Tag Archives: recoleta cemetary

Rufina Cambaceres dies twice in Buenos Aires- a tragic, yet beautiful tale

I’m told most tourists come to visit Eva Peron’s tomb but I was more interested in Rufina Cambaceros; “ the girl who died twice.” Eva Duarte de Peron’s tomb is the most famous in Recoleta Cemetary but Rufina Cambaceres’s story is the most disturbing. Rufina came from a wealthy family, heirs to a large cattle fortune. She had discovered her fiancé was having an affair. Three doctors pronounced her dead and she was buried alive on her 19th birthday. The explanation doctors gave later is that Rufina suffered from catalepsy which is characterized by rigidity and low vital signs.  Catalepsy is the classic buried-alive diagnosis, and the one used in Edgar Allan Poe’s “The Premature Burial.” BTW, Rufina is buried three blocks south of Eva Peron.

I’m thinking it was her worst birthday ever. A few days after the funeral, a cemetery worker was concerned about grave robbery when he found that her coffin had moved within the crypt and the lid was broken in place. Rufina, woke up days later after her burial to find herself trapped, tried desperately to escape, then died of a heart attack. Scratches were on her face and covered the inside of her coffin which was opened after her screams were heard. Her father rebuilt the grave site so she is seen opening her own doors.  I was in front of her tomb for so long that people started to ask me questions and I found myself explaining Rufina’s story in Spanish, as if I was a tour guide. Rufina’s story should cheer up anyone having a bad break up and yes, a broken heart and sadness can kill or transform.

Rufina Cambaceros

Rufina Camberos

Rufina Camberos

The profundity of sadness is not easy for me to articulate. When I saw paintings by Suzan Woodruff, I saw sadness. Art work by Cecilia Mandrile moved me to write to her (hence a large part of why I am in Argentina) to help me to understand her sadness. The death of Lucrecia Urbano’s father began her creative process with glass. Hope Edelman’s experience of losing her mother created a sadness that planted the seeds for her Motherless Daughter’s book.  I believe my grandmother’s experience of sadness at watching my mother being abused is why she became sick with leukemia. I truly believe Michael Jackson dealt with his sadness with his expressions of music & dance. Feelings of something being incomplete or something lacking stirred a need to create & to help people cope with and understand their sadness.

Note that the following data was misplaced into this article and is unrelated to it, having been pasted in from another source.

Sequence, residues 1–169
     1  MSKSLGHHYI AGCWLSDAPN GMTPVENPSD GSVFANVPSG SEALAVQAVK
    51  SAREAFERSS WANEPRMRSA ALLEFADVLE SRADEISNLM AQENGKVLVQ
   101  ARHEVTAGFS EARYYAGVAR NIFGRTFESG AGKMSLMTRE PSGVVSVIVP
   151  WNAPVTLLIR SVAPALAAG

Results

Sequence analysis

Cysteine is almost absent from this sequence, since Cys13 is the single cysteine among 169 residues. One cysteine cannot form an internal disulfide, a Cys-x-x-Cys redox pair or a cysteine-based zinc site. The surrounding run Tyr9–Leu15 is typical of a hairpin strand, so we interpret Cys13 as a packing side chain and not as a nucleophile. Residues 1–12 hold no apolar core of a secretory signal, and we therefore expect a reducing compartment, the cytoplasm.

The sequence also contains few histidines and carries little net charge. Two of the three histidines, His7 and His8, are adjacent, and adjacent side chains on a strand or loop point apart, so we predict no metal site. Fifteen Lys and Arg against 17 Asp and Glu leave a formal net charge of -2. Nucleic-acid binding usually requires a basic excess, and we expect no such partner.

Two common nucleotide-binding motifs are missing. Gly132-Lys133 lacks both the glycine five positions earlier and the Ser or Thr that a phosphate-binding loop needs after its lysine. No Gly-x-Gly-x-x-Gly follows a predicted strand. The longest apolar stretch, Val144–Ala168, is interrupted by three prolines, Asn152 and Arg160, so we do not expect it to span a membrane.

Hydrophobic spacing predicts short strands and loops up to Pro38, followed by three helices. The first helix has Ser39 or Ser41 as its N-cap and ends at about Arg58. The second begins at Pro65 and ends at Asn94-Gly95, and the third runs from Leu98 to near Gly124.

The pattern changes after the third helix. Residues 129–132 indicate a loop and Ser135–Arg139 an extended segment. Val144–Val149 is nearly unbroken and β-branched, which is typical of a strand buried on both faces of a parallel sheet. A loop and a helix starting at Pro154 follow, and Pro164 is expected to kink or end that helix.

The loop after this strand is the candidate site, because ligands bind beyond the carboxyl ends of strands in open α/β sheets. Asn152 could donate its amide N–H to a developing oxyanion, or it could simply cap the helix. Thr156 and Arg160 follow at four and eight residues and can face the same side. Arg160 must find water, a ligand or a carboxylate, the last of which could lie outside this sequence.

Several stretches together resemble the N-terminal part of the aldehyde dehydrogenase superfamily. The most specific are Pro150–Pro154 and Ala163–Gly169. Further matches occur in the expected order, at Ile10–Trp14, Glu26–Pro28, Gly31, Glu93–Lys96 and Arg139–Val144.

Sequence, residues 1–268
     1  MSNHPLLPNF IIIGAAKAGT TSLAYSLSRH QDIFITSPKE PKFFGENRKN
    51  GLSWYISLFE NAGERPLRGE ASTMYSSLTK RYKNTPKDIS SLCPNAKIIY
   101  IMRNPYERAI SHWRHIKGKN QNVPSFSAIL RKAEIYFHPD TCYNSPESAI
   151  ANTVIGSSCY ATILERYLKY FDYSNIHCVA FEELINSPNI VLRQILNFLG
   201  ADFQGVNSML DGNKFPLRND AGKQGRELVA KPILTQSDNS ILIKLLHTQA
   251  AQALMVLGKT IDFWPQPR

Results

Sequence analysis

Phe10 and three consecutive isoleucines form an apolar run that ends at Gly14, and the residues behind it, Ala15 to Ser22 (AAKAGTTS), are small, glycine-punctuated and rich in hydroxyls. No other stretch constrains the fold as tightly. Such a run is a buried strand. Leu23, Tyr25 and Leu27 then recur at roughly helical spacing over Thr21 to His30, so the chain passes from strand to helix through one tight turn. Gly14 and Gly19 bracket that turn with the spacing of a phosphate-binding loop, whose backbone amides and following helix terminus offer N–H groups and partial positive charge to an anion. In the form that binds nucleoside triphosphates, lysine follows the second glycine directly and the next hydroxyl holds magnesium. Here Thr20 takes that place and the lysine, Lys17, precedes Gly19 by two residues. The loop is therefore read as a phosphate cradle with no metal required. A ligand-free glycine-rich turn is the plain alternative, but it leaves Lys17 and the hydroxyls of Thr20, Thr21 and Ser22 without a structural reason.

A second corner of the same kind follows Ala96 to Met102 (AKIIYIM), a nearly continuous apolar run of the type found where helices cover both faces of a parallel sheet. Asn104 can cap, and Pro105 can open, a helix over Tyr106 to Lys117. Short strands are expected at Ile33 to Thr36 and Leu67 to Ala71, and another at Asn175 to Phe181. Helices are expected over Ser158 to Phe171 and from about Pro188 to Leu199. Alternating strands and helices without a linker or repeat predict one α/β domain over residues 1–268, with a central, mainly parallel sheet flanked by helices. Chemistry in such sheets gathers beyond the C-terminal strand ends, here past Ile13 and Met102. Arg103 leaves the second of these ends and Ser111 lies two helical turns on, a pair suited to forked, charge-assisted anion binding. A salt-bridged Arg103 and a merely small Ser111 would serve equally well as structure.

Eva Peron’s tomb is the most visited grave in Recoleta Cemetary. You can always find it as there are hoardes of tourists and flowers. It  was not so interesting to me after the story of Ruffina Camberos. It is a little ironic that Evita was supposed to be buried under a monument which would represent the ‘Descamisados’, the poor working class, but she ended up in a cemetery which represents the wealthiest of Buenos Aires.  Recoleta Cemetery is the most expensive real estate in the city.

Eva Peron

Eva Peron

St. Augustine, after a personal crisis, went through a profound change in his life. He quit his teaching job, gave up any idea of marriage, devoted himself totally to G-d. He said he heard a childlike voice telling him in a sing-song voice, “tolle, lege” -“take up and read.” He gave all his money to the poor, just like St. Francis of Assisi and converted his home into a place where all his friends could live. He was one of the most prolific Latin authors.

San Augustine

oh vosotros que nos llorais

no os dejeis abatir por el dolor

mirad la vida que comienza

y no la que ha concluido

Here’s my translation:

Oh, we should not cry

Do not let yourselves be discouraged by the pain

Look at the life that begins

And not at what has ended

Here is Cecilia’s translation:
Oh, you, who are crying to us,
Don’t let pain defeat you,
Look at the life that is beginning
And not to the one that just have ended.